Day 3 of the ASEAN Business and Investment Summit was focused on ‘the outward looking approach’ of ASEAN from a business and investment perspective. No person who would have been a better person to give an opening keynote speech than Secretary General of the United Nations, Ban Ki-Moon. From about 50 metre distance to his excellency, the GoLive Indonesia Representative (GIR) can feel his humbleness and concerns. What surprising was instead of talking about business and investment related matters, he talked about poor women’s and children’s health from less fortunate families in some developing countries and challenged the business communities ‘What can you do to address these development challenges?’.
At the end of the Day 3, the GIR found a link that could have connected between UN Secretary General’s development challenges and business communities contribution but was not explicitly stated by the panellists.
Ban Ki-Moon recently visited a village in Kalimantan (Borneo), Indonesia and eye-witnessed benefits from the presence of rural clinics in an isolated area. The benefits are especially evident from women and children. His trip across countries suggested that basic needs such as clean water are still major issues in many communities in developing countries. Taking lessons from success stories in some developing countries, he viewed that countries do not need to wait until they get wealthy to improve their health and education facilities. More importantly, countries and various stakeholders can do more if they act together.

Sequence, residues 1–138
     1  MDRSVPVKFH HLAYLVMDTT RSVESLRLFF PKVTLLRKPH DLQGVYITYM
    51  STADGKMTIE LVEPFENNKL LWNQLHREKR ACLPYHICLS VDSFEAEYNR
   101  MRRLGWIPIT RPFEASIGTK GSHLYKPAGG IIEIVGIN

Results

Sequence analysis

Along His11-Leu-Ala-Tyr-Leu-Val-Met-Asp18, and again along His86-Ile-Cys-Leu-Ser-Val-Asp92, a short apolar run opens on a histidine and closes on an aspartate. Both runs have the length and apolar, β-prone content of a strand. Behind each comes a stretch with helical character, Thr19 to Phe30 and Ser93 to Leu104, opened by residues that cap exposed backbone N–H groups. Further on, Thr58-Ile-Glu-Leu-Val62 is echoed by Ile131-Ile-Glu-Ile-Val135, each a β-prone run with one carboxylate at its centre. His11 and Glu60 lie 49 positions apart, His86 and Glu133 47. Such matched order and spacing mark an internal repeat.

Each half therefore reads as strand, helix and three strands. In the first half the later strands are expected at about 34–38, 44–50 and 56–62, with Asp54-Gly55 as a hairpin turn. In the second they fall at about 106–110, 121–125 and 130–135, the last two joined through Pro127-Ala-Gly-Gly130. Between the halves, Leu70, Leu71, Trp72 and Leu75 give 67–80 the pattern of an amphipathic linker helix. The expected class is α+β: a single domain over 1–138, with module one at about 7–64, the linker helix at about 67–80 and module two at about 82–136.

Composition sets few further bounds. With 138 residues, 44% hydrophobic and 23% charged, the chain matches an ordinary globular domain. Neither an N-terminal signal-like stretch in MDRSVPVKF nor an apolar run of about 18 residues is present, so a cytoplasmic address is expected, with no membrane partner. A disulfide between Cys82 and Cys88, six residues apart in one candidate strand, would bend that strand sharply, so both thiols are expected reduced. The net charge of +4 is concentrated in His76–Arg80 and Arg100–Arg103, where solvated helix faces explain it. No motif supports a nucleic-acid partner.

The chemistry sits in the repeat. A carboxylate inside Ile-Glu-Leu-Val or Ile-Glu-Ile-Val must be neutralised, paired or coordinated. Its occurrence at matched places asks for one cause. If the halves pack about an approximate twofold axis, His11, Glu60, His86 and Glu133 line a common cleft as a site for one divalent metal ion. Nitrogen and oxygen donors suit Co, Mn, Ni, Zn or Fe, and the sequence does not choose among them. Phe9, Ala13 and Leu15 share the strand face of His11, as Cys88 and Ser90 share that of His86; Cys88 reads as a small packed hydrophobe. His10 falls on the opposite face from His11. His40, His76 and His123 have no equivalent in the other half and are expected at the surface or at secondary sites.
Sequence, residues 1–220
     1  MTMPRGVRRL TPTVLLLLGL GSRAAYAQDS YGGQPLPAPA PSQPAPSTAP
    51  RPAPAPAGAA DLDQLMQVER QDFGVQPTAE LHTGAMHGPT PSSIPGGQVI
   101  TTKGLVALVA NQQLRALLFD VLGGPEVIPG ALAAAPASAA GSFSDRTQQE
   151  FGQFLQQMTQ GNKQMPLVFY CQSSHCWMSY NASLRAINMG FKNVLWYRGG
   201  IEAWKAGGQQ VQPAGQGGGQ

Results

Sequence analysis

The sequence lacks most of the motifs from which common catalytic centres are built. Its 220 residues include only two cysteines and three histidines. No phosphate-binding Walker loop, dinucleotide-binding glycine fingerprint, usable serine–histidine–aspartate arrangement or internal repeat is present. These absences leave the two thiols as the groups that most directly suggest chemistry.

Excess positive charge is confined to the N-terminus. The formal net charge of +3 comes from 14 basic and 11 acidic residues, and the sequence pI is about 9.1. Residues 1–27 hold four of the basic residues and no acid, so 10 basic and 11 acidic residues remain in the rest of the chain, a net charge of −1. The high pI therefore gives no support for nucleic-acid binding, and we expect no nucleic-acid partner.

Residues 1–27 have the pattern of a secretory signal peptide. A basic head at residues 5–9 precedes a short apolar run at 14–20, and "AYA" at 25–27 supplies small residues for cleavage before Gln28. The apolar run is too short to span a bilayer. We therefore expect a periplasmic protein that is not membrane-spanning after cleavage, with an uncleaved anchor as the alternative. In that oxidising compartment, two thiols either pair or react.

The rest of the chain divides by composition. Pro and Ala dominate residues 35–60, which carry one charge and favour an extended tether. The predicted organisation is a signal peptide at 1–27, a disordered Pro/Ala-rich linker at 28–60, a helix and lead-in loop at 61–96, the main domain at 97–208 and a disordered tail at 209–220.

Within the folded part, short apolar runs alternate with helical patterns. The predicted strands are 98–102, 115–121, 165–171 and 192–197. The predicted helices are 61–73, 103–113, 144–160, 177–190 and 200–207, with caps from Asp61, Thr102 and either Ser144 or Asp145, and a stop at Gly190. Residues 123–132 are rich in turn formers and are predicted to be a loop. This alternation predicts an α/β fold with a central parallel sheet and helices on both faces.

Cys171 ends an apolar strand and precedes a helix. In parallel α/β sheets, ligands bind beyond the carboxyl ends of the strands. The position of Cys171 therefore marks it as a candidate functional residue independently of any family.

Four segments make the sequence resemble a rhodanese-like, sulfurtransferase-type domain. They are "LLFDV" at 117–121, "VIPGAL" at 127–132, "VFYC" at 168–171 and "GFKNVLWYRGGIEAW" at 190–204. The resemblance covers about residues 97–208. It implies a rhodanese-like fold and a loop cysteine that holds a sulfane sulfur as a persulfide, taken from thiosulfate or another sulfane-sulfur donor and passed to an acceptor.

Ban Ki-Moon suggested that Asia has not played a greater role in addressing global development challenges as it should have been. Asia should put more attention to the young generation which accounts for over 50% of the Asian population. Young generation promises potential dynamism and can become foundation of growth as they improve productivity of workforce.
Ban Ki-Moon highlighted the role of technology in dealing with global development challenges. Technology can connect between medical practitioners and their patients living in isolated areas as well as connect doctors between countries. Doctors can send ultra sound graphs to their fellow doctors in Thailand by mobile phone and receive feedback before advising their patients the results.
The question is “what can business communities do to address these development challenges?”
(To be continued)
This article is prepared by Risti Permani.